Add A&E to the list of cable networks who have sharply deviated from the brand for which they stand, and not for the better. Thinly veiled, painfully misguided "Survivor" rip-off. As clones go, it's an especially pallid one, all the way down to forging alliances and a darkly lit elimination ceremony that suspiciously resembles a tribal council.
Add A&E to the list of cable networks who have sharply deviated from the brand for which they stand, and not for the better. Once positioned as a PBS alternative best-known for period pieces like “Horatio Hornblower,” the former “Arts & Entertainment” net now uses its initials only and has joined the ad-friendly demo hunt — highlighted by this thinly veiled, painfully misguided “Survivor” rip-off. As clones go, it’s an especially pallid one, all the way down to forging alliances and a darkly lit elimination ceremony that suspiciously resembles a tribal council.
In the same way AMC dispensed with that troublesome “movie classics” part of its acronym, this all stems from a desire among even older-skewing cablers to attract a younger crowd. And while “House” might well help accomplish that, given the dearth of under-50 types who could find A&E on a map, it’s hard not to wonder what these niche programmers sacrifice by squeezing into the same ill-defined alphabet soup. What’s next, the History Channel voting gray-bearded historians out of the library?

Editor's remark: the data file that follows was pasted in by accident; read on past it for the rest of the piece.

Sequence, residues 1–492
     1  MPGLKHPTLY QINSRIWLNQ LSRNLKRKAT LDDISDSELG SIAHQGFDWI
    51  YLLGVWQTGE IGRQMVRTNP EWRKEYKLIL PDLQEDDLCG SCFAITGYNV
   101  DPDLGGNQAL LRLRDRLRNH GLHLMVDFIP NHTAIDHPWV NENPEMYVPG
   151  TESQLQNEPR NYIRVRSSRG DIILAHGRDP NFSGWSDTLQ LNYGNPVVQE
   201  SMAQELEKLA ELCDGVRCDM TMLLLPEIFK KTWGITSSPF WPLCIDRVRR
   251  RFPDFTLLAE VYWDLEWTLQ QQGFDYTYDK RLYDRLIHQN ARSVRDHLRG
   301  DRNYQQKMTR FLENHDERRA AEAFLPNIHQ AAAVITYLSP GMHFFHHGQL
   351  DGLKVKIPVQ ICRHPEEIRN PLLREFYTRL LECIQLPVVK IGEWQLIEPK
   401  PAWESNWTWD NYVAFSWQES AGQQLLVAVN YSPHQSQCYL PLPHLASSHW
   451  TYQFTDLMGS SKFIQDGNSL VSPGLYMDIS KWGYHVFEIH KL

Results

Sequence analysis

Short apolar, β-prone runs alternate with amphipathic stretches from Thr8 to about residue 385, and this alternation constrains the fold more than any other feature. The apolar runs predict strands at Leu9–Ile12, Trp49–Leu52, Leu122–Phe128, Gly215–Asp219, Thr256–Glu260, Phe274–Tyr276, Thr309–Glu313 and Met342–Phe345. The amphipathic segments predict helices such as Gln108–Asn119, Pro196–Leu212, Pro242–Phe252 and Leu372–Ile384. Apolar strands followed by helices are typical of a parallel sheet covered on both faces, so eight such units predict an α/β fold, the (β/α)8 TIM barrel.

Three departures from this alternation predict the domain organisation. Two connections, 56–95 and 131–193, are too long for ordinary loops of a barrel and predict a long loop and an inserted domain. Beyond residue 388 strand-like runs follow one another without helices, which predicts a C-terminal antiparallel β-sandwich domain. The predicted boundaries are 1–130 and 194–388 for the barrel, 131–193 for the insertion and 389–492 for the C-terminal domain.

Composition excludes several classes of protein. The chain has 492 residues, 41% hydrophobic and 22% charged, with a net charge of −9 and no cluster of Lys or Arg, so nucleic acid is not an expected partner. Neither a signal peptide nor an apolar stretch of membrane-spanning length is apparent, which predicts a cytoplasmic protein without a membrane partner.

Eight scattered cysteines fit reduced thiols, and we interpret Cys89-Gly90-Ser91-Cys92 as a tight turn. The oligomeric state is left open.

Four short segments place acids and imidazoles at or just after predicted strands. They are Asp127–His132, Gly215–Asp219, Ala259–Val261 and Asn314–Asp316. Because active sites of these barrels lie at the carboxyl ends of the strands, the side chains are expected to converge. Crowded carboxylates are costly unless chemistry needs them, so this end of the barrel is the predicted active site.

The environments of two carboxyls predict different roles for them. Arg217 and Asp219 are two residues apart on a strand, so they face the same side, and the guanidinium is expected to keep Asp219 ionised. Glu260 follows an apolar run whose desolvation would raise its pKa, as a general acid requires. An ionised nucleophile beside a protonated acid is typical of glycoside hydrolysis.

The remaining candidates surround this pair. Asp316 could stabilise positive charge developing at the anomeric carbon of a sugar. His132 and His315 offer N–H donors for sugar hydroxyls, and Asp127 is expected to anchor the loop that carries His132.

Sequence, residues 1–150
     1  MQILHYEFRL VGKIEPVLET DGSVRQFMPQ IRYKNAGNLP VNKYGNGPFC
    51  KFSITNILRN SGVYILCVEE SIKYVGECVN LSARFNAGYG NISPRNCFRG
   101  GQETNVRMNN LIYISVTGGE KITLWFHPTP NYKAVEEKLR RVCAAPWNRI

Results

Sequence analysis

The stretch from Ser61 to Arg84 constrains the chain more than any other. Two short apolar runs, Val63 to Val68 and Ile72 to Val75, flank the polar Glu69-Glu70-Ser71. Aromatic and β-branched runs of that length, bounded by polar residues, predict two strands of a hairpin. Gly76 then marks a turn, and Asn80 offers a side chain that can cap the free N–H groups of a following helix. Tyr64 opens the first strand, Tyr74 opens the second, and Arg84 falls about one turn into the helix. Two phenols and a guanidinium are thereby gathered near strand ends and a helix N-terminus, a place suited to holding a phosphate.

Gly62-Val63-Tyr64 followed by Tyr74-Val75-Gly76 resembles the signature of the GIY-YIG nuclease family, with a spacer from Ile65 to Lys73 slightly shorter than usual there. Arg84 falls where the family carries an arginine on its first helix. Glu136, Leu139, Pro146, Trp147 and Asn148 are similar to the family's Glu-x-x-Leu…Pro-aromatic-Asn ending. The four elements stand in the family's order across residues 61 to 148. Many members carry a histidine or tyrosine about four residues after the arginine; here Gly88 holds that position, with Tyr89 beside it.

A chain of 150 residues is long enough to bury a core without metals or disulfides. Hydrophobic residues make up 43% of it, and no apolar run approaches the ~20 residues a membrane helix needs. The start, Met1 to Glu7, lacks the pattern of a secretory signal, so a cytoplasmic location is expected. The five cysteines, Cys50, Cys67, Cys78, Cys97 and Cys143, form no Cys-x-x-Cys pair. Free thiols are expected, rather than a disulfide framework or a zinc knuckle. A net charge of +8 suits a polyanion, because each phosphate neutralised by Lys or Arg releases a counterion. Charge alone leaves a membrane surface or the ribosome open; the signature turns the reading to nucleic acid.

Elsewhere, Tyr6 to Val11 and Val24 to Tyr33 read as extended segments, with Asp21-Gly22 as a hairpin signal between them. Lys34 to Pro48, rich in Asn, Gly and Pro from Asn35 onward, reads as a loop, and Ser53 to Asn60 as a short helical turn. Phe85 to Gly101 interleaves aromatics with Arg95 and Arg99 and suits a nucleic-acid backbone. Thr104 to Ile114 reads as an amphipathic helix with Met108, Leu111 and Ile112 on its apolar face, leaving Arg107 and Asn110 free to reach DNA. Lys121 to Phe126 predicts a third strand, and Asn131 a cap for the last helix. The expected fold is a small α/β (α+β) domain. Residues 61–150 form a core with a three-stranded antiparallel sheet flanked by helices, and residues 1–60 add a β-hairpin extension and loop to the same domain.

In a nutshell, the game pits 16 people (why is it always 16?) against each other to see who will keep the “dream house” they’ve brought together to build in the sweaty town of Harmony, near Orlando. Each episode involves a “key ceremony,” in which players try their key in a door, setting up two for possible elimination. The “Survivor”-like template is more of a jungle thicket than it looks — as evidenced by some of the miscalculations made in assembling “House,” which claims to represent “a microcosm of today’s America.” If so, God help us all.
As usual, the roster includes a mix of waiters, bartenders and oddballs (a “professional juggler” ?), but the huge mistake comes in casting a homeless family man, Tony, among the group. Not surprisingly, you can count on reality-show contestants to exhibit sensitivity toward his plight. “This is not a need-based competition,” one of them sniffs.
Working under the stewardship of construction manager Joe Bukey — a younger if more crotchety version of Wilford Brimley — the gang spends less time pounding nails than hammering each other, jockeying to see who’ll be ousted. There’s also plenty of chafing over the antics of Mike, an annoying frat-boy type who liberally uses profanity and makes a strong early bid for recognition as Reality Jerk of the Year, 2004.
Even the product placement for sponsor LendingTree.com is clunky, while host George Wendt (please say he didn’t exhaust all his “Cheers” gelt already) seems uncomfortable in the role, exclaiming during the interminable key ceremony, “This is seriously tense.”
Actually, it’s more like seriously bad taste, especially if you go through however many weeks of nonsense only to ship poor Tony back to the shelter. What’s the consolation prize?: You’ve just missed out on a house, but you’re going to Disney World? As a sign of the TV apocalypse in the name of our amusement, having the homeless play for homes is a pretty good one.
In fact, here’s a thought: Let’s subject the execs responsible to an elimination game to see who loses their house.
Any takers? Didn’t think so.